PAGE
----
AFL injury toll at a high - Sports News - Fanatics - the world's biggest events

AFL injury toll at a high

By Sam Lienert 20/05/2009 04:16:37 PM Comments (0)

AFL players have missed more games through injury over the past two seasons than at any other time in the past decade.

While rule changes in recent years aimed at reducing head and neck injuries and certain types of knee injuries have been successful, other injuries are on the increase.

Hamstring strains caused more players to miss games last season than in any other year over the past decade, while the incidence of shoulder injuries has also jumped over the past three seasons.

The findings were contained in the AFL's annual injury survey, released on Wednesday.

League football operations manager Adrian Anderson suspected the increases in hamstring and shoulder injuries were both related to the rising pace of the game, with the AFL conducting research projects in both areas.

"The hamstring is the number one (problem) and soft tissue injuries," Anderson said.

"That's part of why we're looking closely at whether there's any link with the increase in use of the interchange in recent years and there's a project specifically to look at that."

On average, each club lost players for 25.8 games per season to hamstring injuries last year, by far the most of any injury type.

He said, along with the use of interchange, tackling rates had also jumped sharply in recent seasons, which could be behind the increase in shoulder injuries, the subject of a separate research project.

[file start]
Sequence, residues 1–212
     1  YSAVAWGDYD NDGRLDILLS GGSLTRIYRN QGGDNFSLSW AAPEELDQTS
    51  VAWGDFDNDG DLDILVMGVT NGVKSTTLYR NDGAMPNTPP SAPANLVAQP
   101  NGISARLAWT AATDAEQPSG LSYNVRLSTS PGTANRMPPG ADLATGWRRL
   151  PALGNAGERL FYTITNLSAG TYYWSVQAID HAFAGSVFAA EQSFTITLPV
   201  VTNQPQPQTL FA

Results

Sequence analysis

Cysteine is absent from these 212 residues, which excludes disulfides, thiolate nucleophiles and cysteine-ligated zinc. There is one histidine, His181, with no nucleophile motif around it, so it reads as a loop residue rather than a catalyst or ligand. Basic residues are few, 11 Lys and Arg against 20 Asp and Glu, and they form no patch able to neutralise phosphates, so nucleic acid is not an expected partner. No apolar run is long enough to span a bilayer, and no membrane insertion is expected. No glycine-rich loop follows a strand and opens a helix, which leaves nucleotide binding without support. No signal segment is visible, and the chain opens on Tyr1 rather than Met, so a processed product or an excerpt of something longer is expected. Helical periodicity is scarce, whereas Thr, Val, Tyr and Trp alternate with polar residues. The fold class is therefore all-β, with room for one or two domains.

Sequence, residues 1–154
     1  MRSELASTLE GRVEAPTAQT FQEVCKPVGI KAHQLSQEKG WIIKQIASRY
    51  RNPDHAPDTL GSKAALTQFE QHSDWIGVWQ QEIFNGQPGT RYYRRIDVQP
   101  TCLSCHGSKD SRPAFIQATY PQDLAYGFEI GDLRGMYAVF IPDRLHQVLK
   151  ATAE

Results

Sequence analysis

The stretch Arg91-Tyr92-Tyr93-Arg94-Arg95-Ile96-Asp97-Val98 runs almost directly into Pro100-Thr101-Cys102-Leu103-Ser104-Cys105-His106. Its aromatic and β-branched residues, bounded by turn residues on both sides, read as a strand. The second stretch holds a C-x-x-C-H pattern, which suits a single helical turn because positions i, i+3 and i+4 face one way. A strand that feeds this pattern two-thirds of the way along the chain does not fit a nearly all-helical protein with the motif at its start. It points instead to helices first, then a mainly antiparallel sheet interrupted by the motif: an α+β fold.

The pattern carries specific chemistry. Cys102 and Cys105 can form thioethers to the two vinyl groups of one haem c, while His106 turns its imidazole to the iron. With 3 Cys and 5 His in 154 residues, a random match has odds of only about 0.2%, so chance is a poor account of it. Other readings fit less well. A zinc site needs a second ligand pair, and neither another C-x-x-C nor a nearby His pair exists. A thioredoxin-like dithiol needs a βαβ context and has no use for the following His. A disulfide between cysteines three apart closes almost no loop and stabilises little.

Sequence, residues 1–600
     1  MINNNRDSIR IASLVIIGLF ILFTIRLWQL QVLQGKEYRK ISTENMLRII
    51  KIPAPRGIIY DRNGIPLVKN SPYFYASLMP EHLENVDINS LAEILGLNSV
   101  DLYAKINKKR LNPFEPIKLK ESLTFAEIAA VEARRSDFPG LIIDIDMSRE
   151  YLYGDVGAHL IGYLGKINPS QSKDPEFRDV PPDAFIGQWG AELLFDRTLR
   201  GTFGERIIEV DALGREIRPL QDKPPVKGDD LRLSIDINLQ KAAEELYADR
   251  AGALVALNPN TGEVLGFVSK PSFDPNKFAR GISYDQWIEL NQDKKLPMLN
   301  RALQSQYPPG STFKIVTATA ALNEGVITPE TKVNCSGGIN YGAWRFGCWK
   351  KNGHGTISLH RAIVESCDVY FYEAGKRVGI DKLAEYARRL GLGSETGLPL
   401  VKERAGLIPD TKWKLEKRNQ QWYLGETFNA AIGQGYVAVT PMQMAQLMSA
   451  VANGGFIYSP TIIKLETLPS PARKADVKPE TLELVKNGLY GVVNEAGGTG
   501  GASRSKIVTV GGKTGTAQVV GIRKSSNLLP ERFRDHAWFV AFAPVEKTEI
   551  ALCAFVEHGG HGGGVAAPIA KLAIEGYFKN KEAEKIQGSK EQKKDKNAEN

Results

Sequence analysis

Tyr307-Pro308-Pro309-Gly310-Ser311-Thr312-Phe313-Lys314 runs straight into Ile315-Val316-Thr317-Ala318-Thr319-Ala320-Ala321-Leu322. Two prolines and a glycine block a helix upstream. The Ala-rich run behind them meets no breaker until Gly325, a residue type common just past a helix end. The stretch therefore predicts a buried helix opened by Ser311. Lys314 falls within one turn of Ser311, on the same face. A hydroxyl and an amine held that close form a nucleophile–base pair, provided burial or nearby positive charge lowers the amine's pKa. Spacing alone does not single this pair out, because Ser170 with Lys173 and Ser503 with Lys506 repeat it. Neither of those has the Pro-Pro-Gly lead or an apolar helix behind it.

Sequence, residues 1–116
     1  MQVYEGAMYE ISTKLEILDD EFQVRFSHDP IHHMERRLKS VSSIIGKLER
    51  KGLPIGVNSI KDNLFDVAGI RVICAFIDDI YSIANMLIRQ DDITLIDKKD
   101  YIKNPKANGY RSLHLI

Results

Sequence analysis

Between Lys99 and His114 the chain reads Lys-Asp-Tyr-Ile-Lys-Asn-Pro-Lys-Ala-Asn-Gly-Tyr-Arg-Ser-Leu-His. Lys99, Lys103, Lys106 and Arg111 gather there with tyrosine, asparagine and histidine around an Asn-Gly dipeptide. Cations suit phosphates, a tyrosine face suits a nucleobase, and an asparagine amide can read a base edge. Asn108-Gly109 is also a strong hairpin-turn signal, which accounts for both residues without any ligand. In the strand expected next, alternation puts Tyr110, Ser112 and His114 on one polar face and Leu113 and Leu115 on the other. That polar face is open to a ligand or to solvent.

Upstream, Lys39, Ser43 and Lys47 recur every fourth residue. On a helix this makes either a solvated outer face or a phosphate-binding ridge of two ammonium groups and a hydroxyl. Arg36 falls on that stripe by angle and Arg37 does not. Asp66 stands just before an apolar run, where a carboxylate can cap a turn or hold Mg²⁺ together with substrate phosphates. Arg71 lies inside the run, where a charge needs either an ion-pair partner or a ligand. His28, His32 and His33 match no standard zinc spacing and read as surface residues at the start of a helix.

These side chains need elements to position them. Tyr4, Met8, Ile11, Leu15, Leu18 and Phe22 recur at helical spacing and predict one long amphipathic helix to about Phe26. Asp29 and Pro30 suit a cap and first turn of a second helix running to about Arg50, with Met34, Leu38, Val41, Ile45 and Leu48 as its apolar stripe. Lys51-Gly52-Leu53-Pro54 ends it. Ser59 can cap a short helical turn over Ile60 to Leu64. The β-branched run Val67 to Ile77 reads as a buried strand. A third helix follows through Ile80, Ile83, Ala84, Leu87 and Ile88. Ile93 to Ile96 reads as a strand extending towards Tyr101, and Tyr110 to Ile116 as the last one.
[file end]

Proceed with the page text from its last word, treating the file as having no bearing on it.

"What would be looked at in terms of shoulder injuries is the rate of tackling has pretty much doubled what it was in 2000 and 2001," Anderson said.

"(It will also look at) the technique being used in tackling and the speed of players when they hit each other and bump each other."

Anderson said it was too early to say whether rule changes would be implemented to combat either of those problem areas.

Another area being examined is the high rate of groin injuries among young players early in their AFL careers, which has been a notable factor over the past decade.

The amount of training conducted by elite teenage athletes before they are drafted into the AFL system is suspected as a factor, particularly those who also excel at another sport.

But Anderson said on the positive side, there was the lowest incidence of head and neck injuries on record last year.

The AFL believed that was a direct result of rule changes in recent years outlawing front-on bumps on players crouched over the ball and holding players responsible for bumps in which they made head contact.

Similarly, Anderson pointed to a reduction in posterior cruciate ligament injuries to ruckmen over recent years as vindication of AFL rule changes governing where ruckmen can stand at centre bounces.

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